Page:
An interior design student and artist, much of Minal Naomi’s work explores themes of identity. She recently became fascinated with the double-edged sword that is language.

IMG_2390

This exploration, which started out from doodles, has led to artwork displayed at the recently held Colomboscope, and has also formed an essential component of her final year project.

IMG_1264

sri

“My study of language stems from the exploration of my own identity, as a person of mixed ethnicity. I identify equally as Sinhalese, Tamil and Burgher. However it was interesting to me to note how people interacted with me on the issue of language – with most expecting me to be more conversant in, and identify more with, one language in particular. I tried to find the commonalities in both languages in the work that I do in order to communicate that language should be used as a tool to connect, not promote divisiveness.”

For the first time since 1949, this year the national anthem was sung in both Sinhala and Tamil. This was celebrated by some, but raised outcry from others, leading to lengthy debate on the history of the national anthem, and whether or not it should be sung in one language.

There is also the pervasive spread of slogans promoting the Sinhalese and their interests – which in itself are ominous signs of things to come.

It is an encouraging sign, however, that so many have come forward calling for unity, even in this unsettled environment.

If Sri Lanka is to avoid future conflict, there is a need to put aside the divisive thinking and insecurities that have led national discourse in the past. Whether this will actually be achieved, however, is yet to be seen.

  • puniselva

    Very innovative gestures by young Sri Lankans.
    Politicians will have to follow with concrete results in the North and the East: employment, economic development and environmental protection. Implementation of Official Language Policy of 1987 is very much intertwined with all these.
    Will the Prime Minister start with the Circulars on his website please:
    http://www.pmoffice.gov.lk/download.php?d_type=Circulars&p=7
    Will the President(Minister ofMahaweli Development and Environment0) translate thepublications/circulars posted by his predecessor please
    http://www.environmentmin.gov.lk/web/index.php?option=com_content&view=article&id=175&Itemid=291&lang=en

  • puniselva

    ”This stemmed mostly from the nationalist perspective that Sri Lankan Tamils had a disproportionate share of power in terms of educational opportunities and positions in civic administration” is a myth used by politicians to grab political power.
    By publishing the ethnicity of the government employees in the British empire with the help of advanced ICT, we can lay the myth to rest.

  • puniselva

    ”It is an encouraging sign, however, that so many have come forward calling for unity(and reconciliation), even in this unsettled environment”

    Yes. But then UNITY is the abstract result of many concrete steps: employment, economc development, environmental protection, ……
    So it’s time after 68yrs to raise questions like ”Are there equal opportunities for all?” ”How can we come to have equal opportunities for all?” ……………..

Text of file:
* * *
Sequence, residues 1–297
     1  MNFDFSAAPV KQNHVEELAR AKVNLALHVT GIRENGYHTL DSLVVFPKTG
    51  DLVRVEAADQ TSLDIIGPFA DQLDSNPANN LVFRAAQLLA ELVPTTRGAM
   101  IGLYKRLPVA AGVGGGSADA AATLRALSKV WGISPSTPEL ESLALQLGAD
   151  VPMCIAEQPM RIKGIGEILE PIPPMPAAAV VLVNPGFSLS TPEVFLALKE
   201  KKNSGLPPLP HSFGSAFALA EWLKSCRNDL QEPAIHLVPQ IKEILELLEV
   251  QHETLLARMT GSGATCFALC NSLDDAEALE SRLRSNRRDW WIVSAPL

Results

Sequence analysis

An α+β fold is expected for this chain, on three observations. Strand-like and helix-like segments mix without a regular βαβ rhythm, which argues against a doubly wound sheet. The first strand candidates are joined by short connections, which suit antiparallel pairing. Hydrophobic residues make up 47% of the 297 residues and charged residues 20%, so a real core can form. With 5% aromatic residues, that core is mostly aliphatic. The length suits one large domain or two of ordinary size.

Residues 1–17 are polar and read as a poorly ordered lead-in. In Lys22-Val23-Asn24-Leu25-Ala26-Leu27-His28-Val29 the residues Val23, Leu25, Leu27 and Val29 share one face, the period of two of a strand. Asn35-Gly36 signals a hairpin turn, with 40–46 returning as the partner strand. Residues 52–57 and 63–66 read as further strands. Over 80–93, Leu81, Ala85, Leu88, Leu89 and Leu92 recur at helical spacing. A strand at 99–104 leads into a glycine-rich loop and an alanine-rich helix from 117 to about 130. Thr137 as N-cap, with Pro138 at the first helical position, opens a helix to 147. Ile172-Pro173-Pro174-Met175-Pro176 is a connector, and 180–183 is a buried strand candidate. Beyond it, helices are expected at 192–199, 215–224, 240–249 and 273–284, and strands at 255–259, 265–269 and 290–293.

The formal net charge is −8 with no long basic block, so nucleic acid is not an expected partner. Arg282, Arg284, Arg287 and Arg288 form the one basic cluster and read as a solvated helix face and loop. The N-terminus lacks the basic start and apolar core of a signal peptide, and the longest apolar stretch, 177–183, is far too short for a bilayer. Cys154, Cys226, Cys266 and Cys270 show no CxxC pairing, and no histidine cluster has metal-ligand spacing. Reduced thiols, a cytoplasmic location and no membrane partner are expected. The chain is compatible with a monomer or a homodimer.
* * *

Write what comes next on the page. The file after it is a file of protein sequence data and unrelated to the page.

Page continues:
But the government appoints a Ministry of National Reconciliation instead of asking each of the scores of Ministries to look at their practice where Tamils can have equal opportunities in getting employment in their offices or in getting their services.

  • puniselva

    ”The divisiveness could be said to have begun with the Official Language Act of 1956”?

    A faction of All CeylonTamil Congress (which was with the D.S.Senanayake government) broke away and formed Federal Party in 1949 after Tamils of Indian origin in the estates were disenfranchised in 1948/9. In 1953/4 Tamil farmers were shown discrimination in the GalOya Development Project. ………

    • puniselva

      Official Language Act precipitated what started with disenfranchisement of Upcountry Tamils. Those who’ve been half asleep for 8yrs were jerked up in 1956 by the Act .
      The Ministry of National Reconciliation is meaningful if all the other Ministries implement the Official Language Amendment of 1987.

  • puniselva

    All the animals that can produce noise can only use various forms of it along with other physical gestures/force to communicate with each other. Evolution of spoken and written LANGUAGE has been proving to be a blessing and a curse for mankind.
    Successive Sri Lankan governments have been using pompous language at international fora to hide the lack of political will to serve justice and equality to Tamil-speakers. That has risen to a sophisticated level as seen in the speeches made by the Minister for Foreign Affairs recently at UNDP and USIP in the US. But what actually happened was the he was making statements the President and the Prime Minister should have been making inside the country.
    The Tamils voted for the President without conditions in Jn’16. They voted in the TNA in Aug’16 who are anxiously waiting for the government tomake the right move. How long can they wait?
    If the government can translate those speeches meant for international audience into Sinhala and emlighten the Sinhala masses as to why we should find a political solution to the ethnic problem we are almost sure of finding justice/equality, peace and reconciliation in Sri Lanka.